November 22, 2011


I wanted to have two tablecloths to fit my two 6-ft banquet tables for Halloween and Fall parties/ dinners. You could obviously use this for any holiday or birthday or season. Even same holidays - just different prints to switch it out. Less laundering? Less ironing? No hemming, anyone?

So I cut two lengths of fabric for each - one for the front (Halloween in theme) and one for the back (Fall in theme). I layered them up to make sure they were squared up and identical in size. Incidentally, I just used 45" wide fabric and used the whole 45" width, because the tables are 30" wide and the overhang would be perfect. I like an overhang of 5"-10" on each side, so that fell within that range nicely. The length was about 2 or 2 1/8 yards each, again matching the overhang range.

(You can obviously adjust the measurements to fit your tables, just do the math with the overhangs in mind, and adjust your cut sizes accordingly).

Then I stitched the pieces, right sides together, at 1/2" seam allowance. I pivot at my corners to keep it clean.

All the way around except...a small section that I leave open so I can turn it inside out.

Then before I turn it inside out, I trim all four of the corners close to the stitching to eliminate that bulk when it's turned.

It's time to turn it inside out. Reach in that hole and grab everything and bring it all out. You will push out your corners last. I use one of these fancy point turners. You can use the bamboo or plastic kind. Do NOT use the tips of scissors (my mom taught me this way - but I don't think they had special point turners - and it worked fine UNTIL I pushed through too many corners with the sharp scissor tips!)

Using the pointed end (no, really?), push it gently into the corner and move it around slightly to make the point pretty and squared.

Then it should look like this on all your corners. Now you would think you would just press it right here like this but I like to do it a special way - because the results are smoother...

Lay it on your ironing board just like the above picture, BUT then pull the top layer toward you a little so that you can see at least a few inches of the bottom layer. Then press that seam so that it lays nice and flat. Avoid that upper folded edge or you will press a crease where you don't want it.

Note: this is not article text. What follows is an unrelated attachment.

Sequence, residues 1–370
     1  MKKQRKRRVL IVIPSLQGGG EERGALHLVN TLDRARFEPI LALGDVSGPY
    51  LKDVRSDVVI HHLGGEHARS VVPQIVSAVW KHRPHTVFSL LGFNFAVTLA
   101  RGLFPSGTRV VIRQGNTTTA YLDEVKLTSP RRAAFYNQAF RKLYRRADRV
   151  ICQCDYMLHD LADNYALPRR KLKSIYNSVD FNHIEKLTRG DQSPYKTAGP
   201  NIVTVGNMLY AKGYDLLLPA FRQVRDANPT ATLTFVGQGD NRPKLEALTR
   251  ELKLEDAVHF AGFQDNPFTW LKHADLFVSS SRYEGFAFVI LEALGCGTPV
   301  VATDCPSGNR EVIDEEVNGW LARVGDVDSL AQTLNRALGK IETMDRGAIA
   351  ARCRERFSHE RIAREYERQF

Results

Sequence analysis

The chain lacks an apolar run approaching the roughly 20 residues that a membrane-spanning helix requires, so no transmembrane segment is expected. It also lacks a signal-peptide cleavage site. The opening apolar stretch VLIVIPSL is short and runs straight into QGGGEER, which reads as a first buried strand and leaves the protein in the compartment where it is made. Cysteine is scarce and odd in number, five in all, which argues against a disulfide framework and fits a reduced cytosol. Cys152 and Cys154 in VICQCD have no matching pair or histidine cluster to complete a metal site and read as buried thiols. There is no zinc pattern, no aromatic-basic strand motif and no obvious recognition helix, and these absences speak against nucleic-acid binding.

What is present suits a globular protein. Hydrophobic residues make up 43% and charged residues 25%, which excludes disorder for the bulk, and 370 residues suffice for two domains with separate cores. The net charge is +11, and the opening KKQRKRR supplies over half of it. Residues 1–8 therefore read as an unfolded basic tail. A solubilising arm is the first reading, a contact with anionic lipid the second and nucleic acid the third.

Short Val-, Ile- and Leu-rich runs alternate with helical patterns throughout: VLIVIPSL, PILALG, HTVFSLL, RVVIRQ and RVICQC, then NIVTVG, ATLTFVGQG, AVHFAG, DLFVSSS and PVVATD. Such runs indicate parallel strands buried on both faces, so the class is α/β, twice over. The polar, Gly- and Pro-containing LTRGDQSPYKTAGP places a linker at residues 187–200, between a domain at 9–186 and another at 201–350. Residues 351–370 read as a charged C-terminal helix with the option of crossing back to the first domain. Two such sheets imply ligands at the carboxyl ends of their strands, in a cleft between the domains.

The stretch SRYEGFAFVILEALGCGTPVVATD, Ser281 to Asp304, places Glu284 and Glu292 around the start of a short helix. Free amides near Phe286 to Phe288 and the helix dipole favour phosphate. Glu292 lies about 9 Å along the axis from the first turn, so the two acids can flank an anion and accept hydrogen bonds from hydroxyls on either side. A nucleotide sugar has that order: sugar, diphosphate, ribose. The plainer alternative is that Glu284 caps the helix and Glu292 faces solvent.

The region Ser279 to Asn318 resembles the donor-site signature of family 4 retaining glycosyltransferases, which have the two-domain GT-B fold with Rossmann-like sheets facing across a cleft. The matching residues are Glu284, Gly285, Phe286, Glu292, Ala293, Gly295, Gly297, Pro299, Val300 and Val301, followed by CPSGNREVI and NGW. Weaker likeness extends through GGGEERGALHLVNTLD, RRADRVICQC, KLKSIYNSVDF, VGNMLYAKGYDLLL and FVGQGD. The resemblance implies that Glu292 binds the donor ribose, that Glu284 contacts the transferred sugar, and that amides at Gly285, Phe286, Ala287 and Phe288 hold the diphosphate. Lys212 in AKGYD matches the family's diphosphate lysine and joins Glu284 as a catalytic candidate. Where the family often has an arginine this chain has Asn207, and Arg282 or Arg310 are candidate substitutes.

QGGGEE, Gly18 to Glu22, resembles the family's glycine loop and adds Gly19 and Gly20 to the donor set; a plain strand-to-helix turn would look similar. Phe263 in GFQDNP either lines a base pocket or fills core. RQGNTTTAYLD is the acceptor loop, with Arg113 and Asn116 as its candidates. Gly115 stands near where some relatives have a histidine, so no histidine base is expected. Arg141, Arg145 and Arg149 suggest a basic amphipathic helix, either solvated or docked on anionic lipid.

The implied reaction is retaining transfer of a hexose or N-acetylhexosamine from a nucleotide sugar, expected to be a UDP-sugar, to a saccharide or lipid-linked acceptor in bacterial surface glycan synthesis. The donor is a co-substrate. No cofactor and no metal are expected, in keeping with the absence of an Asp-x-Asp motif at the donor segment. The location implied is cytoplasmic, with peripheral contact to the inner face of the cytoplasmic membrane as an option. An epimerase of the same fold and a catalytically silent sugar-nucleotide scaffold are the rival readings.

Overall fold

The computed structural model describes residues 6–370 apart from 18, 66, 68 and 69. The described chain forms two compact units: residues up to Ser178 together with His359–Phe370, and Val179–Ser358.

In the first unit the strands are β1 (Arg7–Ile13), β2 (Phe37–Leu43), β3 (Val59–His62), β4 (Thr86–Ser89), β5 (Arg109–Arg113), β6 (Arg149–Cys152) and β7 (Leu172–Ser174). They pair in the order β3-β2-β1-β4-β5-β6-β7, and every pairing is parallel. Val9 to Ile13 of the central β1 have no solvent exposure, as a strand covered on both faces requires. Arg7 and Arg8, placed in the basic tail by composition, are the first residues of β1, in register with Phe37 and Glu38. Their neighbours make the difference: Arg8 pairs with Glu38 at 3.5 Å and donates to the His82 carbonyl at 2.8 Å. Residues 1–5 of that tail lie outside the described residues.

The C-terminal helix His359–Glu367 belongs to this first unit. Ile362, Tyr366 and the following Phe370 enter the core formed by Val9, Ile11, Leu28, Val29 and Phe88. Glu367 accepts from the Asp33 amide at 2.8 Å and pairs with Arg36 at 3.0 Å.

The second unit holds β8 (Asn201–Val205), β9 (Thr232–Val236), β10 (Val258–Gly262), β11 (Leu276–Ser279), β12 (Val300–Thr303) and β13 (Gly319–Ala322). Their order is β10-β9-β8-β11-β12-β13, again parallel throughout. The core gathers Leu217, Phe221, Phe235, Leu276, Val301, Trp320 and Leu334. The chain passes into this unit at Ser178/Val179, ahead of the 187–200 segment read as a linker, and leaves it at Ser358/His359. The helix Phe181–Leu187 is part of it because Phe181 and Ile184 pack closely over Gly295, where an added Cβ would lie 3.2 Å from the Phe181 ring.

Then when you bring the layers back to line up on top of each other, you get a cleaner press on the edge. Press it now and it will be beautiful!

Remember that hole you left? Now you need to close it up. When you press the edges, it should just turn itself in naturally, flowing with the rest of the pressed edge, turning in the same 1/2" seam allowance.

Now you can do your topstitching. Using your presser foot as your guide (or some other guide you prefer), just set your stitch a little longer, and begin sewing around the edge. It will be about 1/4" - 3/8" from the edge.

Continue this stitch all the way around. You will pass over your opening, and it should catch both layers, closing the hole.

You are finished! Now you just need to give it a final press and it time to set the table.

Isn't it pretty when it's reversible? And so versatile - it's perfect for those of us who cannot make up their minds until the last minute, too. Or those of us who cannot decide between two fabrics and have to buy them both!

I joined the tables together to make a large square and my DD12 set the table - here's the final product in it's debut!

I would love to see any combinations of reversible tablecloths that you decide to create!

November 21, 2011


Working on a Blogger Button - whatcha think?

I'm getting this blogging thing...I hope. Anyone with more experience is welcome to help, offer tips, etc. Love ya!

November 16, 2011


Ooh - a good bustle can be fun! My experience is that there is no REAL scientific method to creating a beautiful bustle - well, there is SOME method to the madness, but it's harder to calculate. I'd say it falls in the category of draping patterns vs. drafting patterns from slopers. It's more like draping.

The point is, it takes a lot of playing with the hem and train to get it to look just right. Here are a few I have done that I have pictures of...

The purpose of a bustle is to bring the back hem and train up in the back of the dress so that the bride can walk, dance, not drag her dress, etc. These first two dresses are simple bustles. They are bustled "on top" of the dress. Meaning: the maid of honor - or whomever is the bride's helper - can bring the bustle up without having to get under the dress.

There is some type of hook and eye or loop and button nestled in the lace or on a seam that can be easily pulled up and attached. Fluff it out and Voila!

This last dress (above) had a cathedral train (about 10 feet long). It required a different kind of bustle. This is called a French bustle. Basically that means the dress train gets pulled "under", in sections, creating the puffy part on the top. All layers have to be pulled together underneath the dress. Yes, the bride's helpers actually have to lift it up and go under! There is usually a series of coordinating ribbons per layer and per point of contact that have to be manually tied. (It can get hot under there too!)

Then when you come out for air, it has to be fluffed just right. It's a real commitment and you better get all the pictures you want with it all tied up before it gets taken down again!

November 15, 2011


Hey Everyone! I have officially started inviting people I like to be my followers on this blog. If you are one of these people I am lucky to have in my life, thank you for following me here! Be sure to sign up however works best for you. I will be up and posting stuff shortly. Love you all! Julie

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